Loretta

    Reply
  53. Michelle, the greatest library basement discovery that first comes to mind is the Philosophical Magazine. It isn’t philosophy as we understand the term. The people we call “scientists” used to be called “natural philosophers”– because they studied nature and natural phenomena. So these periodicals include all kinds of articles on all kinds of subjects: medical experiments, botanical discoveries, electrical phenomena, earthquakes, astronomical events, and so on and so on. Gentlemen in various parts of England kept track of temperatures, rainful, barometric pressure, etc. There is no rhyme or reason to the volumes, so if one is looking for a particular piece of information, it’s a matter of browsing. But browsing is a great writing tool: Sooner or later you come across a piece of information that sparks an idea for the story.
    Loretta

    Reply
  54. Michelle, the greatest library basement discovery that first comes to mind is the Philosophical Magazine. It isn’t philosophy as we understand the term. The people we call “scientists” used to be called “natural philosophers”– because they studied nature and natural phenomena. So these periodicals include all kinds of articles on all kinds of subjects: medical experiments, botanical discoveries, electrical phenomena, earthquakes, astronomical events, and so on and so on. Gentlemen in various parts of England kept track of temperatures, rainful, barometric pressure, etc. There is no rhyme or reason to the volumes, so if one is looking for a particular piece of information, it’s a matter of browsing. But browsing is a great writing tool: Sooner or later you come across a piece of information that sparks an idea for the story.
    Loretta

    Reply
  55. Candice, you’re absolutely right about the Motco map. Though it’s a couple of decades before my usual story time period, it is easier to read. I’ve been doing more online mapping as the teeny print tires my eyes.
    I’d also like to say that your website is one of my favorite online indulgences. I love looking at your collections!
    Loretta

    Reply
  56. Candice, you’re absolutely right about the Motco map. Though it’s a couple of decades before my usual story time period, it is easier to read. I’ve been doing more online mapping as the teeny print tires my eyes.
    I’d also like to say that your website is one of my favorite online indulgences. I love looking at your collections!
    Loretta

    Reply
  57. Candice, you’re absolutely right about the Motco map. Though it’s a couple of decades before my usual story time period, it is easier to read. I’ve been doing more online mapping as the teeny print tires my eyes.
    I’d also like to say that your website is one of my favorite online indulgences. I love looking at your collections!
    Loretta

    Reply
  58. Thanks, Sherrie. I must add that I’ve been having problems with sites I’m supposedly logged in to ever since I cleared my cache following AOL’s instructions; but with the others, like blogger, once I’m logged in for the session, I stay logged in.
    As for navigation and maps, my father and his West Point roommate served together for a while in the Canal Zone.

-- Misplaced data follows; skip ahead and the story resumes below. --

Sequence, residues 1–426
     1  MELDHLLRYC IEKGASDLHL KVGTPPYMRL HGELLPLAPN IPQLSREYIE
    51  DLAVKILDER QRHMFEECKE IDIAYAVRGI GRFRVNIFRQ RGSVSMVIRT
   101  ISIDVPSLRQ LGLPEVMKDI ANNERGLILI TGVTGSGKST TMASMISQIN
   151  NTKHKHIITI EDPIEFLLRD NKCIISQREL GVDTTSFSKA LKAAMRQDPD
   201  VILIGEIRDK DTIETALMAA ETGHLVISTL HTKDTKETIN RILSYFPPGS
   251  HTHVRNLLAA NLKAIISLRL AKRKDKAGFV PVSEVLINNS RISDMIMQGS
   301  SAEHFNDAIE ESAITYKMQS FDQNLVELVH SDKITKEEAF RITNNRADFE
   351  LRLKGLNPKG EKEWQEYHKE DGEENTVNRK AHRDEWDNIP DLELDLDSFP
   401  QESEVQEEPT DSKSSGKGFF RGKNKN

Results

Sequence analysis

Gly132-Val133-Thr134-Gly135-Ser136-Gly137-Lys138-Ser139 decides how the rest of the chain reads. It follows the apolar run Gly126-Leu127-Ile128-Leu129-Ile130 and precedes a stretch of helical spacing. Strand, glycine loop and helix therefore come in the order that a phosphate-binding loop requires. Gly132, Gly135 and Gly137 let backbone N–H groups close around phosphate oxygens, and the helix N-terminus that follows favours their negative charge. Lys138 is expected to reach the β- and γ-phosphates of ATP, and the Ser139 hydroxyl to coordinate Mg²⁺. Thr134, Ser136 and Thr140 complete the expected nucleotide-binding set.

One of them couldn’t read maps.
    The other couldn’t see in the dark.
    So the Army used to send them out together on night map marches…

    Reply
  59. Thanks, Sherrie. I must add that I’ve been having problems with sites I’m supposedly logged in to ever since I cleared my cache following AOL’s instructions; but with the others, like blogger, once I’m logged in for the session, I stay logged in.
    As for navigation and maps, my father and his West Point roommate served together for a while in the Canal Zone.
    One of them couldn’t read maps.
    The other couldn’t see in the dark.
    So the Army used to send them out together on night map marches…

    Reply
  60. Thanks, Sherrie. I must add that I’ve been having problems with sites I’m supposedly logged in to ever since I cleared my cache following AOL’s instructions; but with the others, like blogger, once I’m logged in for the session, I stay logged in.
    As for navigation and maps, my father and his West Point roommate served together for a while in the Canal Zone.
    One of them couldn’t read maps.
    The other couldn’t see in the dark.
    So the Army used to send them out together on night map marches…

    Reply
  61. Loretta, I’m not map-mad. I leave that to my husband. We’ve lived in a few different countries now and in Budapest managed to find an antiquarian bookshop with antique maps. Maps of the countries we’ve lived are now mounted, framed and hanging on our walls.
    Thanks to you and to Berkley for reissuing your former works. I am currently reading Captives of the Night: Ismal has just been put on Leila’s case.
    Now I have only to find The Last Hellion and my collection will be complete!

    Reply
  62. Loretta, I’m not map-mad. I leave that to my husband. We’ve lived in a few different countries now and in Budapest managed to find an antiquarian bookshop with antique maps. Maps of the countries we’ve lived are now mounted, framed and hanging on our walls.
    Thanks to you and to Berkley for reissuing your former works. I am currently reading Captives of the Night: Ismal has just been put on Leila’s case.
    Now I have only to find The Last Hellion and my collection will be complete!

    Reply
  63. Loretta, I’m not map-mad. I leave that to my husband. We’ve lived in a few different countries now and in Budapest managed to find an antiquarian bookshop with antique maps. Maps of the countries we’ve lived are now mounted, framed and hanging on our walls.